“The illegalities, abuses, and forest destruction perpetrated by Dennis Melka’s companies in the Peruvian Amazon have been public for years now," said Julia Urrunaga, EIA´s Program Director in Peru, and Peruvian citizen. "In spite of the Peruvian government having ordered the companies to stop operations and comply with the law, they continue to systematically violate Peruvian laws and ignore the Peruvian authorities. A model of illegal forest destruction, violation of indigenous rights, and disrespect for the national authorities is not the kind of investment that Peru needs or wants.”

Alongside the letter, the Environmental Investigation Agency (EIA) also published a detailed evidence briefing, including dozens of primary source documents from Peruvian government entities which contradict claims made by United Cacao on AIM and surface serious omissions of relevant information. This is the second blow for United Cacao in a week, after the Roundtable on Sustainable Palm Oil ordered related company, Plantaciones de Pucallpa, to immediately stop operations through a preliminary resolution released on April 25, citing evidence that the company had violated indigenous rights and was in non-compliance with multiple Peruvian environmental standards.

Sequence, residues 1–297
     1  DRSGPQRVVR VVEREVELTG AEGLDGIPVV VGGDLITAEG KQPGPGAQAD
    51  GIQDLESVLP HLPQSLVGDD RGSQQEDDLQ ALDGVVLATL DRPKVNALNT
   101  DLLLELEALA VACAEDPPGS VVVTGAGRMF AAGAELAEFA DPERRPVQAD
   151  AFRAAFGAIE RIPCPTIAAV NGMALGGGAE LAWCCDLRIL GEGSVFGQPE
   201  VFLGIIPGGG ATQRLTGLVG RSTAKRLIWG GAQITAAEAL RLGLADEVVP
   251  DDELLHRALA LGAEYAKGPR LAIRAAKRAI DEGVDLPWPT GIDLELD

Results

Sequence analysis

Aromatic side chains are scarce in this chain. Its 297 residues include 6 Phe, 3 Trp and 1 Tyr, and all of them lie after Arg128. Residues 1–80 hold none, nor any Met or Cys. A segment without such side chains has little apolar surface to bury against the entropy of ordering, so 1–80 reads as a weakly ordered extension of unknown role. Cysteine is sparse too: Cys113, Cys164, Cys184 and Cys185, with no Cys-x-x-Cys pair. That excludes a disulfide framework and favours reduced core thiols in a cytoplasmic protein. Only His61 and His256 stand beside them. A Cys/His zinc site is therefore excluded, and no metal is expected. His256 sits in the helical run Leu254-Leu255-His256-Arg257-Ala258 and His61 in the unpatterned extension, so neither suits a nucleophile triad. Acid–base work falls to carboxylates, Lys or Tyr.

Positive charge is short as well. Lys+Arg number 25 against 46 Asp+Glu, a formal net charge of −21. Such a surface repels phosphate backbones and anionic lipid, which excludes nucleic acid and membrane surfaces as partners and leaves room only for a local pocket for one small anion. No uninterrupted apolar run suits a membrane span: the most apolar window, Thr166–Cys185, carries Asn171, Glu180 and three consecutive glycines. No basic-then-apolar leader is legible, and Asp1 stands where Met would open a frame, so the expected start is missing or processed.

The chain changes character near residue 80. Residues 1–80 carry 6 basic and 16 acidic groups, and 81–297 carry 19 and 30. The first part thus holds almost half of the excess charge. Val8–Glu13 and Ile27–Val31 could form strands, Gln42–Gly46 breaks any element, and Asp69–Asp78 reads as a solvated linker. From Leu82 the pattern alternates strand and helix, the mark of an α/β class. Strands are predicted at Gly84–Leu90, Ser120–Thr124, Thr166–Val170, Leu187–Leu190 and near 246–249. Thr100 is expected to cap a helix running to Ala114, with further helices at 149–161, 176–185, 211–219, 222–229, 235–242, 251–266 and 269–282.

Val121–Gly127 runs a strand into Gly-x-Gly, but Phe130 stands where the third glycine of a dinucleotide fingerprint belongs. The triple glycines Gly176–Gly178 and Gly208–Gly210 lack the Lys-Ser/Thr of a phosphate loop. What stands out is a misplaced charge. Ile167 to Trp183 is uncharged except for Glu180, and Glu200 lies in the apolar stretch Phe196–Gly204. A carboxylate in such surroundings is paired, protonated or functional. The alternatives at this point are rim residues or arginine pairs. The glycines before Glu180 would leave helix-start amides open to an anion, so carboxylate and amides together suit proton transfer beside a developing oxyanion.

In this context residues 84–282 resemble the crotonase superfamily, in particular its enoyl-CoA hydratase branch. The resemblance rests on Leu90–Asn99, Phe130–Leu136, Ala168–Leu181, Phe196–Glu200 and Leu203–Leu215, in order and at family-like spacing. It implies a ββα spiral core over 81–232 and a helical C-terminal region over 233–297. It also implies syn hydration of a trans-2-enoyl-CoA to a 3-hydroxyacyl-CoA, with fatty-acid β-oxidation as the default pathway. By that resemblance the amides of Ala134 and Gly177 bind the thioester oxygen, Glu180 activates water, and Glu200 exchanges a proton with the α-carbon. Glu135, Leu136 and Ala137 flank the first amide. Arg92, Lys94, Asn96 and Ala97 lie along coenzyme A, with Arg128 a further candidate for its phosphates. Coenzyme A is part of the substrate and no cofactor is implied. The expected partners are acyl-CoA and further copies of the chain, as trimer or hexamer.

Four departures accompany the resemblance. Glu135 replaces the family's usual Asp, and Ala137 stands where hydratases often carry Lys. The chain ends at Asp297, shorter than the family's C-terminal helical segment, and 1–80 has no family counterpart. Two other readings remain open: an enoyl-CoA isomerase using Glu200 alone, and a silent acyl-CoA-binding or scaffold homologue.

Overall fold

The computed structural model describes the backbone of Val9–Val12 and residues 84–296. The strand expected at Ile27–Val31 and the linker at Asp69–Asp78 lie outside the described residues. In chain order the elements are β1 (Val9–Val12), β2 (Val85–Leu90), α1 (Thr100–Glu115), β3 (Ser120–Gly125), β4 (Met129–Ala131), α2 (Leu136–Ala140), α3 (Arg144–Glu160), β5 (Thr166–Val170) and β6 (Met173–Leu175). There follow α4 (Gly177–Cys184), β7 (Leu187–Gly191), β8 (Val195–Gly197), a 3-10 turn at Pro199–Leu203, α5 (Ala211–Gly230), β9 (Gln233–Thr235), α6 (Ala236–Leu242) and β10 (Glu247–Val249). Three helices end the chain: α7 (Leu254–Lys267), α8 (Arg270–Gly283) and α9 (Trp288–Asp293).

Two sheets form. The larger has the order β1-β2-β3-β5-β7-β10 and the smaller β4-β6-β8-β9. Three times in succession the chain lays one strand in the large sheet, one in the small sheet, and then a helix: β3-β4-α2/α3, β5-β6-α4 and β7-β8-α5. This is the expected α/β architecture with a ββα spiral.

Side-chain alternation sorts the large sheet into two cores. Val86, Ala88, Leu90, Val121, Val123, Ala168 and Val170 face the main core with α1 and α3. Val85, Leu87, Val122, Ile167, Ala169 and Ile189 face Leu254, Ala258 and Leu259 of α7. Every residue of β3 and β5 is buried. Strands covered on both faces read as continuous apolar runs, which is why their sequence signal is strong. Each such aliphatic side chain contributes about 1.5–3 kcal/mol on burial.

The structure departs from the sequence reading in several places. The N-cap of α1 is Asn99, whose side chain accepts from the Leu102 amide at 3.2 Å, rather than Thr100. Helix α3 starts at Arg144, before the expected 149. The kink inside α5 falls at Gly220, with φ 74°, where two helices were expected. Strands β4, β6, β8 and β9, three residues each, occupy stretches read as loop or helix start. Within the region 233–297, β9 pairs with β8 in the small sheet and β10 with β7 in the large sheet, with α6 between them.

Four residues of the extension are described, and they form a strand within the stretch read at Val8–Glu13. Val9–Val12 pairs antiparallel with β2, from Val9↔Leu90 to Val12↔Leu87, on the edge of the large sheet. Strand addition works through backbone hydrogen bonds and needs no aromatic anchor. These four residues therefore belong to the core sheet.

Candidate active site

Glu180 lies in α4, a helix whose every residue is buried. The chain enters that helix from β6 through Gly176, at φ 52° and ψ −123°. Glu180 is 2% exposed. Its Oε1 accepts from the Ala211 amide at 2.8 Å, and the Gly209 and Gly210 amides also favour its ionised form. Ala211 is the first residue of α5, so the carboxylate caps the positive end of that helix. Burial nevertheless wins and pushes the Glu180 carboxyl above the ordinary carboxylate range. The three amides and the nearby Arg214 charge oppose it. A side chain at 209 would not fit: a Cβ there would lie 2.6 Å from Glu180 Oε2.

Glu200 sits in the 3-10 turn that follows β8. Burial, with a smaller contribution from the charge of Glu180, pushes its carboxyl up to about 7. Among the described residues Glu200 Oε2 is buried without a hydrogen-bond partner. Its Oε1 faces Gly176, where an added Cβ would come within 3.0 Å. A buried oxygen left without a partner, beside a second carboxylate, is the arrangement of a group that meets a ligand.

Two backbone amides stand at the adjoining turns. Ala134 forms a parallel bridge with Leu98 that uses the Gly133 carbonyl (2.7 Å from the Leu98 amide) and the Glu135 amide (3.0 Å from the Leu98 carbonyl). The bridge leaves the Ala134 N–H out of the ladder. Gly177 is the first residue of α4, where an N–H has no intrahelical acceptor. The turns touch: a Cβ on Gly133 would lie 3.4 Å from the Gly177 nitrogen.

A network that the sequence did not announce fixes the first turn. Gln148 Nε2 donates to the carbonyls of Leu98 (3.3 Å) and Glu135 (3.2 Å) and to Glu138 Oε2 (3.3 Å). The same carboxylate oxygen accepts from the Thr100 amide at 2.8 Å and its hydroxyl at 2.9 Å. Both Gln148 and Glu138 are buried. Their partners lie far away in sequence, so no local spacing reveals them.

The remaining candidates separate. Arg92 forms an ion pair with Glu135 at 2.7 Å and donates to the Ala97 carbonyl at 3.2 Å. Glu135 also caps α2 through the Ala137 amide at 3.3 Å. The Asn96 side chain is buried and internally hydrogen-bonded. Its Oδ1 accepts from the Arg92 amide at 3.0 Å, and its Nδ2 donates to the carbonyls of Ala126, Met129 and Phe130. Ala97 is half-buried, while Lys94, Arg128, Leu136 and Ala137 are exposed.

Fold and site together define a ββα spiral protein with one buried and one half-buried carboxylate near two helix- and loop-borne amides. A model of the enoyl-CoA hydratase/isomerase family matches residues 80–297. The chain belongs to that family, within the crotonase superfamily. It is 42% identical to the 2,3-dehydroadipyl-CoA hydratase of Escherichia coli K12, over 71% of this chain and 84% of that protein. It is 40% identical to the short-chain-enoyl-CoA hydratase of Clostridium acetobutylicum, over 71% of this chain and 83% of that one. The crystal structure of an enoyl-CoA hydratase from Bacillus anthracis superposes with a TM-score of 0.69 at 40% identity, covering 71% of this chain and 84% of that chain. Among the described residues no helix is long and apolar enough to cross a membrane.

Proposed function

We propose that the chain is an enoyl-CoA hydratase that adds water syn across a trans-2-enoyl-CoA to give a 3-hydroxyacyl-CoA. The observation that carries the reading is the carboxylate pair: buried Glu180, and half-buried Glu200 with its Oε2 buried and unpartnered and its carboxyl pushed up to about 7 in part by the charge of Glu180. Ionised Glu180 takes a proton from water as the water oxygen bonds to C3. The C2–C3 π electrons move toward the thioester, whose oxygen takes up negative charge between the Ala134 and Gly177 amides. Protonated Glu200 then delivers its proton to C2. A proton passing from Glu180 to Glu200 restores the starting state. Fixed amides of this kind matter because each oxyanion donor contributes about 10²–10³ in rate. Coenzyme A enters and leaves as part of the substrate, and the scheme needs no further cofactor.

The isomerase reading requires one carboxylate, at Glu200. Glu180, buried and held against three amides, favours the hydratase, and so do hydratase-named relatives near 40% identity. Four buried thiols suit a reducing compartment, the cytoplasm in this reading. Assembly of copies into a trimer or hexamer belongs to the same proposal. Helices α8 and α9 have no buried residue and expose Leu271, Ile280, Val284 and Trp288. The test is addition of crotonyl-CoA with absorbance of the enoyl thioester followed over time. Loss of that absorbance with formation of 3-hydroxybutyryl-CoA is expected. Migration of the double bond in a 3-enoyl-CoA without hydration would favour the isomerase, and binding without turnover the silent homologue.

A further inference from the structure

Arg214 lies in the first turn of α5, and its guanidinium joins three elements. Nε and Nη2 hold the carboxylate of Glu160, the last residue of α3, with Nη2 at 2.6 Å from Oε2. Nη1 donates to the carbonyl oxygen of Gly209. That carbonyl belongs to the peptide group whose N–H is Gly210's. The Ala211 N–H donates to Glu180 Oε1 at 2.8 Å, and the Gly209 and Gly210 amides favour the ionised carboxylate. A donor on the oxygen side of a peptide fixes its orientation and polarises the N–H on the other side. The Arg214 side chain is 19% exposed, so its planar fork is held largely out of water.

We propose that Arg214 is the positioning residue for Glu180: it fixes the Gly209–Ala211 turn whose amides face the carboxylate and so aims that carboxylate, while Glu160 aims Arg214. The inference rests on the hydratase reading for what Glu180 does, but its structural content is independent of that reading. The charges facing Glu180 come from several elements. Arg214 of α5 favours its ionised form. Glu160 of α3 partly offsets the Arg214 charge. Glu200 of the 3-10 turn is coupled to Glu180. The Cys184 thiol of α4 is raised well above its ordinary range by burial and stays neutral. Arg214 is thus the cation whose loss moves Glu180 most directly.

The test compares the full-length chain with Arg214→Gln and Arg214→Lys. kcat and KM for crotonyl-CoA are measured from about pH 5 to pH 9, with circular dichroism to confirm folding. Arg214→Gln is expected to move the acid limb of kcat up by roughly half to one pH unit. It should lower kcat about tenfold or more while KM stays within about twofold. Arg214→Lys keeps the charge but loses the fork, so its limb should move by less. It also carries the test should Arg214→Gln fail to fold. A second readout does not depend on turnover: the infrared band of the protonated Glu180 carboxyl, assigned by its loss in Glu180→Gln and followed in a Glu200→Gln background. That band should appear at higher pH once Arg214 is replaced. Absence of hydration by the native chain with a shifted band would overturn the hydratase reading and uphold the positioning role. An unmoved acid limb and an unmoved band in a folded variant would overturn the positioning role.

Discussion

“If AIM and UK financial regulators do not investigate and sanction United Cacao, they will be sending a signal that UK markets are a profitable place to bet against law enforcement, environmental sustainability, and human rights in countries like Peru,” said Rose Davis of EIA. “After the egregious non-compliances presented today, the only logical conclusion for AIM is to remove United Cacao from trading on the exchange, and to publicize these consequences to dissuade market actors from further abuses.”